You heard it here and we stand by it: wood stoves are hot. The CO2 released cannot be more than the amount of CO2 absorbed out of the atmosphere by the tree in growth, so wood is a global-warming neutral energy source. But with oil prices rising, and consumers moving to a wood stove in every house next to the two cars in the garage, concerns about personal heat source choices are heating up. Why worry about such a natural source of energy? The reason: fine particulate matter. The German Environmental Agency estimates that the many stoves in use in private homes and small businesses are emitting as much particulate as cars and trucks, of which wood stoves are responsible for by far the largest piece of the pie at 80%. To address the problem, the German Environmental Agency plans to update the laws. Today, German consumers can rely on only a limited number of wood stoves recognized with the Blue Angel environmental label, or perhaps their own wisdom*, in choosing an efficient and non-polluting stove. In the future, stoves will only be approved for sale if they meet stringent emissions standards. The next question is: will Germany follow the lead of the US Environmental Protection Agency's wood stove changeout campaign to phase out the older models of wood heaters commonly in use?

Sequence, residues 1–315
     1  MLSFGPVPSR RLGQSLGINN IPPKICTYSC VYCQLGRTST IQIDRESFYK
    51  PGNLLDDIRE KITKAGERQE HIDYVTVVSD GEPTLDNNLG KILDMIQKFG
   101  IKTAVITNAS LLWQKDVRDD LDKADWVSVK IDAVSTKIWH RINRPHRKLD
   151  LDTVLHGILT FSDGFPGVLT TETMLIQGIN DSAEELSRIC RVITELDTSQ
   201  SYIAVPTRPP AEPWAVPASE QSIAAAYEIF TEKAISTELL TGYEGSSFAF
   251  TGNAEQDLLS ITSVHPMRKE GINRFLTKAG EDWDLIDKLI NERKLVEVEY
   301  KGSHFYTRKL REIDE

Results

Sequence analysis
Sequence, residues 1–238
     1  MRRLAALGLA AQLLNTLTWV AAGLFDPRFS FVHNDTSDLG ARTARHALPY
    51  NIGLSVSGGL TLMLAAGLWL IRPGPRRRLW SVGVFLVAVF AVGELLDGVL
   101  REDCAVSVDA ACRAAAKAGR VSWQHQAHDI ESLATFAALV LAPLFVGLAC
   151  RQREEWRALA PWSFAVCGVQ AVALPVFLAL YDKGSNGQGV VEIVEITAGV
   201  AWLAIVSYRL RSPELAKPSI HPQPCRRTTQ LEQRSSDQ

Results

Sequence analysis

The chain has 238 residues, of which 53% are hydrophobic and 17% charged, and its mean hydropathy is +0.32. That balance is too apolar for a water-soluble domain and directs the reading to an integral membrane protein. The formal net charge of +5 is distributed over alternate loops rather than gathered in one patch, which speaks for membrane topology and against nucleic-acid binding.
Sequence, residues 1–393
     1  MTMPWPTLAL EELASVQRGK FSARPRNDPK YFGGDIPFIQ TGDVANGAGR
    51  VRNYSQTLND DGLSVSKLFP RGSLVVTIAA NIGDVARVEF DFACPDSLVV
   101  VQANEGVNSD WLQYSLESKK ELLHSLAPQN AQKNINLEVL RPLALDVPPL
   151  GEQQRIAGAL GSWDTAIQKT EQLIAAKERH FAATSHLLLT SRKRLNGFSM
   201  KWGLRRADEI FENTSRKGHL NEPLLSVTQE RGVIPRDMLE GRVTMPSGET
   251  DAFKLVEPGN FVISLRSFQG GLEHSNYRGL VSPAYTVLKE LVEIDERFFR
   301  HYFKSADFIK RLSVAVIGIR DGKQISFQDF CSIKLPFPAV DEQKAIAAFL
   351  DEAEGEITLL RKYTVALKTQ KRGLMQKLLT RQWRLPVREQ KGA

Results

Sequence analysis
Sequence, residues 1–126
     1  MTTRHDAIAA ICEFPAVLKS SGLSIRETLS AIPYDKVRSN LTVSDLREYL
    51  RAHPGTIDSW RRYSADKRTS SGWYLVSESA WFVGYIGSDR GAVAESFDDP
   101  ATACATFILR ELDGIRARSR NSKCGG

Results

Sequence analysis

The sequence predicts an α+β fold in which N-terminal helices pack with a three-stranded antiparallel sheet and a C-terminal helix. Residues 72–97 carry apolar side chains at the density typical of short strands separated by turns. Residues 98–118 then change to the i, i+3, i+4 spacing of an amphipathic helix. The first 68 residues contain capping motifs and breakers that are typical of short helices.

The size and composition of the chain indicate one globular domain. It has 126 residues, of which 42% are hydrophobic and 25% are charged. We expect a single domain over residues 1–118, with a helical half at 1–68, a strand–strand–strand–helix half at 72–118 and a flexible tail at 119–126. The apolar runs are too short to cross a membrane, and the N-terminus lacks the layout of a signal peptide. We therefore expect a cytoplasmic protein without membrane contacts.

*Hint: look for a system which is fully automatic (okay, take a moment to yearn for the rush of heat when opening the pot-belly to add a log and the old-fashioned levers for adjusting airflow) and which uses pellets or another form of fuel designed to deliver consistent burning performance (and say goodbye to "a man who cuts his own wood is twice warmed").